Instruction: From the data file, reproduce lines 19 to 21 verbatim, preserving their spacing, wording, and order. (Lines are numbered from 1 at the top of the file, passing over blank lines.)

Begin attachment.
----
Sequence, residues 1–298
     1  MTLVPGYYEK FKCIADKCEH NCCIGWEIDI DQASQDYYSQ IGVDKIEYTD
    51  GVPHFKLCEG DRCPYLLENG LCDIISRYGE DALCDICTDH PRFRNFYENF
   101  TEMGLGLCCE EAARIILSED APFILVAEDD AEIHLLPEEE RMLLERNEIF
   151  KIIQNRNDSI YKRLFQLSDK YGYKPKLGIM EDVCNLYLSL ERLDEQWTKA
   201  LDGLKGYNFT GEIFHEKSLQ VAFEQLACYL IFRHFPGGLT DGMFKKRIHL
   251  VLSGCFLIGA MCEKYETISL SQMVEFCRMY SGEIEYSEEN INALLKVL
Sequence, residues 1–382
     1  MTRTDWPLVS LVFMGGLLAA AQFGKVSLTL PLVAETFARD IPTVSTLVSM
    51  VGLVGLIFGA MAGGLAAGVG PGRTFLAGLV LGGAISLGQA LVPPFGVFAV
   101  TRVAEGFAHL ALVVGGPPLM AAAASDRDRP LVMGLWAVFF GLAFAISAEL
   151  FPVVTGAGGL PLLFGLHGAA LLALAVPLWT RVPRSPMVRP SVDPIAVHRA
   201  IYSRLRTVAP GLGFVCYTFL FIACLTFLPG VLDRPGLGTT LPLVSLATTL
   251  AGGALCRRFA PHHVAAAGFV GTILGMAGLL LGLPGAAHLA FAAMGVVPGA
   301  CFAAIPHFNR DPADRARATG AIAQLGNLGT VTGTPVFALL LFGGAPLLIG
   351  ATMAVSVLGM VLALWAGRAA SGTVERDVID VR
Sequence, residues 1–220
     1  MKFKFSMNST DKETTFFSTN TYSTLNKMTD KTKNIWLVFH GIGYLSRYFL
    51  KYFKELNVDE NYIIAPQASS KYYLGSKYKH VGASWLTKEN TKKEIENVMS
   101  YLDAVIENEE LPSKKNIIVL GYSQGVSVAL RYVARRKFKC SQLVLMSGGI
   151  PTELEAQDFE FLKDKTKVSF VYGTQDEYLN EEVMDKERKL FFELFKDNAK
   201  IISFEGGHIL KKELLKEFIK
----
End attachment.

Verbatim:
    51  KYFKELNVDE NYIIAPQASS KYYLGSKYKH VGASWLTKEN TKKEIENVMS
   101  YLDAVIENEE LPSKKNIIVL GYSQGVSVAL RYVARRKFKC SQLVLMSGGI
   151  PTELEAQDFE FLKDKTKVSF VYGTQDEYLN EEVMDKERKL FFELFKDNAK